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Friday, February 24, 2012

Teacher Ratings Discredited By The UFT - Too Late

With Teacher Ratings Set to Be Released, Union Opens Campaign to Discredit Them

February 23, 2012
The New York City Education Department will release the ratings of thousands of teachers on Friday, ending a nearly year-and-a-half-long legal battle by the teachers’ union to keep the names confidential.
The ratings, known as Teacher Data Reports, grade nearly 18,000 of the city’s 75,000 public school teachers based on how much progress their students have made on standardized tests. The city developed these so-called value-added ratings five years ago in a pilot program to improve instruction and has factored them into yearly teacher evaluations and tenure decisions.
Even before their release, the ratings have been assailed by independent experts, school administrators and teachers who say there are large margins of error — because they are based on small amounts of data, the test scores themselves were determined by the state to have been inflated, and there were factual errors or omissions, among other problems.
The union, the United Federation of Teachers, is responding to the release with a $100,000-plus newspaper advertising campaign starting on Friday. With the headline “This Is No Way to Rate a Teacher,” the advertisements will feature an open letter from the union president, Michael Mulgrew, that displays a complex mathematical formula followed by a checklist of reasons why the ratings are problematic.
“The Department of Education should be ashamed of itself,” Mr. Mulgrew said Thursday. “It has combined bad tests, a flawed formula and incorrect data to mislead tens of thousands of parents about their children’s teachers.”
The ratings — covering the school years 2007-8, 2008-9 and 2009-10 — were calculated for nearly 18,000 fourth- through eighth-grade teachers of English or math, or both, though some teachers were not rated in all three years. Charter school teachers were not included.
The city has defended the ratings, saying they give administrators a more objective look at teacher performance, so that teachers who do well can be emulated and those who do not get assistance, or if they do not have tenure, can be fired.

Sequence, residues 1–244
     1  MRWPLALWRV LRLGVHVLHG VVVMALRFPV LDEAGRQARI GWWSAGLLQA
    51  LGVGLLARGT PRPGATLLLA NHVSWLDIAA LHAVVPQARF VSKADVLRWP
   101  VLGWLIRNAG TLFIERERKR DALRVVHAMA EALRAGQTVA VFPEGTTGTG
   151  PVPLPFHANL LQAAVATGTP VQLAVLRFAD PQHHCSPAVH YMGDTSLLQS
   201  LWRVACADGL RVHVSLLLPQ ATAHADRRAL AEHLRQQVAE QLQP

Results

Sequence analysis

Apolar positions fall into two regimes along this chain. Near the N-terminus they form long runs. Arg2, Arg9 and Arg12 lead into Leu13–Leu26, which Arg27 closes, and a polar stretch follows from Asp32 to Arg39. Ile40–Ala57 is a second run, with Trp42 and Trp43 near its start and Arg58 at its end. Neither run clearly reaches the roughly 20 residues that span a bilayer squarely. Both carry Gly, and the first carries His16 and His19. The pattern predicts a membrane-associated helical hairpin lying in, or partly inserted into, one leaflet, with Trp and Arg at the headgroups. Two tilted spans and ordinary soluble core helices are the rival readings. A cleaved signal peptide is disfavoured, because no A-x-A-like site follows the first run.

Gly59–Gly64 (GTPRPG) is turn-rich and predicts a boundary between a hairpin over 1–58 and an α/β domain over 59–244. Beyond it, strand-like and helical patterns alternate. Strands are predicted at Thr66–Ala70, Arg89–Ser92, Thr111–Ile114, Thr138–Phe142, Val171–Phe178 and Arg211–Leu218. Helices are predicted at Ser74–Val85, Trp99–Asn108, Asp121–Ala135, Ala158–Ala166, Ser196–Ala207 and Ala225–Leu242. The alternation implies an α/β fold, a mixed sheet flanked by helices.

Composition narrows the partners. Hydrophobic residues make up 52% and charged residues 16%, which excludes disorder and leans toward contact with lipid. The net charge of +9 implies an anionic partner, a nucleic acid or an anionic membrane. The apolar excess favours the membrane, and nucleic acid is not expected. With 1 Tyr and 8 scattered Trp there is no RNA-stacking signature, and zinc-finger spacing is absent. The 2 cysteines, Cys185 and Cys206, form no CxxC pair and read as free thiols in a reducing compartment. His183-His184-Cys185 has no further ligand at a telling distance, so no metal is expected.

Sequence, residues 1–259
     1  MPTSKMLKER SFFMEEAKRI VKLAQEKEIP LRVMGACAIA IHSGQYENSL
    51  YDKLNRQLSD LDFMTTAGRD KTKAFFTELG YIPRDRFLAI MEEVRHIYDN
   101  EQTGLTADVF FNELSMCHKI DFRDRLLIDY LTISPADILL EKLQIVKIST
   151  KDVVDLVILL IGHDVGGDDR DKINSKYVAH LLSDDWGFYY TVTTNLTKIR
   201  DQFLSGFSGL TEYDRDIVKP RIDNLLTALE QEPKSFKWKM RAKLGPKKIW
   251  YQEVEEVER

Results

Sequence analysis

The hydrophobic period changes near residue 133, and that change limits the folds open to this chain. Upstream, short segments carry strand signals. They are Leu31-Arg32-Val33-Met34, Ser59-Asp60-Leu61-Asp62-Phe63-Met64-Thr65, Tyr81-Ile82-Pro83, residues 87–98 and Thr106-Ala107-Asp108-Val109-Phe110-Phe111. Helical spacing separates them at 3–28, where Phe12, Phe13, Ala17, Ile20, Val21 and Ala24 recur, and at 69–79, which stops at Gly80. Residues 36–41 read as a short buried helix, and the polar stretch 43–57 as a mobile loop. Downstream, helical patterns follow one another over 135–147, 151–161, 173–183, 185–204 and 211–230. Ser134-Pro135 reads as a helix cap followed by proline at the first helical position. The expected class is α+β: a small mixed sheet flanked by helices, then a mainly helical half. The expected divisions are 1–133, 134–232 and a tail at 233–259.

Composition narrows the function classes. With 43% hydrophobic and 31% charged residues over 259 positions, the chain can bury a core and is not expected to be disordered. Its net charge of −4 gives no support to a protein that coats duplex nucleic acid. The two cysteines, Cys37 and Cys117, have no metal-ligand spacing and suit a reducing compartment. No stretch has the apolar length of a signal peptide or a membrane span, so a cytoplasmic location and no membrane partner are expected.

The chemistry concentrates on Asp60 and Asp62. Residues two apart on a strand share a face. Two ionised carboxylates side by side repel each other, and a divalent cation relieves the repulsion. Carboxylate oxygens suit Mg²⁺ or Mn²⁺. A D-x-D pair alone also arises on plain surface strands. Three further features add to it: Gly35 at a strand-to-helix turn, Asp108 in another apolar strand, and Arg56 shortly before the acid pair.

In a letter to teachers and principals on Thursday, the schools chancellor, Dennis M. Walcott, tried to calm their fears.
“The reports gave teachers and principals one useful perspective on how well teachers were doing in their most important job: helping students learn,” he said. “However, these reports were never intended to be public or to be used in isolation.”
“Although we can’t control how reporters use this information,” he added, “we will work hard to make sure parents and the public understand how to interpret the Teacher Data Reports.”
The union had sued to stop the reports’ release, arguing that it would violate teachers’ privacy rights and that the reports were exempt from public-disclosure rules because they were subjective and often inaccurate. A judge rejected the argument, ruling that the union had failed to prove that the city’s decision to release the names was “arbitrary and capricious,” the prerequisite for preventing their release under state disclosure laws, and that the information was of general public interest. The union’s appeals were unsuccessful.
The New York Times, one of a number of media organizations that had requested the records, plans to publish the ratings on its education blog, SchoolBook, and has asked teachers to respond online. On Thursday, several posters on SchoolBook called the reports deeply flawed and criticized the city as well as the news media for making them public.
Marie Kallo, a sixth-grade English and social studies teacher at Intermediate School 234 in Brooklyn, said that even though she had received an above-average rating, she was troubled by a significant error in her report: It said she had taught 120 students in 2007-8 when she had actually taught more than 200.
“That makes me question the accuracy of all the data reports,” Ms. Kallo said, adding that she also did not understand how the ratings were calculated. “How is it fair to be judged on information that is not accurate?”
Karen Fine, a third-grade teacher at Public School 134 in Manhattan who previously taught fifth grade, said she and her colleagues believed that the ratings were an unfair and inaccurate measure of a teacher’s performance because they used an unreliable methodology that had been criticized by many respected researchers and statisticians, and because they did not account for factors that could affect students on the day of testing, like being tired, nervous, or scared.
“For many of us who teach in N.Y.C., this has been our life’s calling,” she said. “We are constantly attacked on so many levels for what ails education in our country when we know that it takes a community to help children learn: principals, administrators, parents, lawmakers, and yes, teachers. The responsibility cannot lie solely on us.”